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own, being in 14S0 the owner of three houses, one of cannot be entered into here, but even if Memling were

them "a large stone house" {domus magna lapidea), the author of only the few pictures in the hospital of

and figuring on the fiscal registers among the two Bruges, none the less is he one of the most delightful

hundred and forty-seven highest taxed citizens. At geniuses of painting, and the lieenest poet of tlie whole

this time he married Anne de Valkenjere (d. 1487), by Flemish school.

whom he had three sons, Jean, Cornelius, and Nicho- Though he accomplished nothing comparable

las. With a studio filled with pupils, he received to Van Eyck's great painting, the retable of the

commissions from the chief citizens of the town, such as Moreel and Floreins, and his fame reached beyond Flanders. The " Anonyme" of Morelli, who wrote in 1521, seems to know but two Flemish painters; every picture of this school at Bergamo, Venice, Padua, which he does not attribute to Jan van Eyck he at- tributes to Memling.

The remainder of Meraling's history is that of his works. The first certain date is 1467. In that year the painter executed the portrait, now at Antwerp, of the Italian medallist Nicolo Spinelli, then in the service of tlie Duke of Bur- gundy. The following year he executed the triptych of the Donne family, now at Chatsworth in tlic collection of the Duke of Devonshire. In fact Sir John must have formed part of the escort which accompanied Mar- garet of York at the time of her marriage with Charles the Bold. The following chronological list constitutes almost all our information: 1478, retable exec\ited for the illuminator (iuillaume Vrelant, now at the Acad- emy of Turin; 1479, trip- tych of the "Adoration of the Magi", executed for Jean Floreins; triptych of the " Mystical Marriage of St. Catherine", with the "Life" of the two Saint Johns, both in the hospital of St. John at Bruges; 1480, retable for Peter Bultinc, now at the old Pinacothek of Munich; triptych of the Grocer's Guild, a lost pic- ture; portraits of Guillaume Moreeland liiswife (Museum of Brussels), and of their daughter Marie Moreel (the Sibyl Sambeth) in the hos- pital of St. John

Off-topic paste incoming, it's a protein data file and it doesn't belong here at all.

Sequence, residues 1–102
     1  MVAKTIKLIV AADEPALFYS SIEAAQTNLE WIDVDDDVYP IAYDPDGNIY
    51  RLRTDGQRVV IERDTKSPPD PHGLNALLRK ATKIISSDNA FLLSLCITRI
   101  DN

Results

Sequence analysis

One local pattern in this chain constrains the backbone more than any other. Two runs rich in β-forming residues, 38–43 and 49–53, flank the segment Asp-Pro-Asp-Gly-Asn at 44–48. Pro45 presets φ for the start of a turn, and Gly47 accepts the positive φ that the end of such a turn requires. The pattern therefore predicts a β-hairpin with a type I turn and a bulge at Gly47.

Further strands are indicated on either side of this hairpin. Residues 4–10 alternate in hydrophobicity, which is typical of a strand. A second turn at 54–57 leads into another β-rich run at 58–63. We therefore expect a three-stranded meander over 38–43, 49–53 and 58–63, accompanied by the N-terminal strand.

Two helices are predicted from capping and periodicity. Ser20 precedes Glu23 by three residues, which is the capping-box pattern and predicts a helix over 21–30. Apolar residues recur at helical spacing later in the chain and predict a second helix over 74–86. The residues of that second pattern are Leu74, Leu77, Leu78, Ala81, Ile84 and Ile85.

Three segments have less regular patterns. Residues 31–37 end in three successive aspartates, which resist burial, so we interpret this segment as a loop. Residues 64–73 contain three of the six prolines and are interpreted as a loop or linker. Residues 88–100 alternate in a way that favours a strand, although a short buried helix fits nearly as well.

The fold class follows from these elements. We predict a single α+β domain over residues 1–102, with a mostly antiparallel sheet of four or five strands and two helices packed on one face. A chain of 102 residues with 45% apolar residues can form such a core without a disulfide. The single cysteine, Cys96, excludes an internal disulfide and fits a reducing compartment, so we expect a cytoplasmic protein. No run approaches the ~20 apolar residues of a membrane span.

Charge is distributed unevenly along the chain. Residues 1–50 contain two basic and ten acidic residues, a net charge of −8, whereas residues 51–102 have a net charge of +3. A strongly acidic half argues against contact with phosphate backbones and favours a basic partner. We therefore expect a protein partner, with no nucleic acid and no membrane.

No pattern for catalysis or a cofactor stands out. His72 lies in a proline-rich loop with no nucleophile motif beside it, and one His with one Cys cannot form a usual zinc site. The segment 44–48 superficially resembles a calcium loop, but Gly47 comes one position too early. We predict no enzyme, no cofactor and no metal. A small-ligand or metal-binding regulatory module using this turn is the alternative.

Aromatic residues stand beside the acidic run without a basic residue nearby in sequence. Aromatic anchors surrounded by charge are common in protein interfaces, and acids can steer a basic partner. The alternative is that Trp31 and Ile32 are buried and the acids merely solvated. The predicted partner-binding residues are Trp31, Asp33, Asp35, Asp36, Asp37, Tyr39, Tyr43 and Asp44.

" Mystic Lamb ", there is in his work a rarer, nobler, and more touching quality. The general character- istics of Flemish painting are an unsurpassed technical perfection, a realism, a rigour in the study and imita- tion of facts, such as render it impossible to say whether this perfection is more the condition or the effect. As a craftsman Memling is inferior to none of his Flemish predecessors or imitators;! he paints fabrics, velvets, flesh tints like Jan van Eyck himself. In sentiment he is far superior, or rather dwells in a finer atmos- phere, for the price of the uncompromising realism of the Flemish is often ugli- ness and vulgarity. In some works of Jan van Eyck, as the " van der Pa^le Virgin " at the Academy of Bruges, the mediocrity of the types, the absence of imagination and taste, in a word the flatness, reach a painful de- gree. The same is true of the subsequent works, such as the celebrated " Nativity" of van der Goes in the Uffizi of Florence, in which the power of the " study " is only equalled by the insignificance or the triviality of its taste, and of those of the entire school from Petrus Christus and the Master of Flemalle to the pretentious Thierry Bouts and the early works of Gerard David. AH these works are strong in execu- tion Ijut weak in feeling. It is true that Roger Van der Weyden attempted to introduce passion into this realism, but liis painful in- tensity most frequently results in a convulsive, dis- torted, affected style. Emotionalism runs riot with him, producing the effect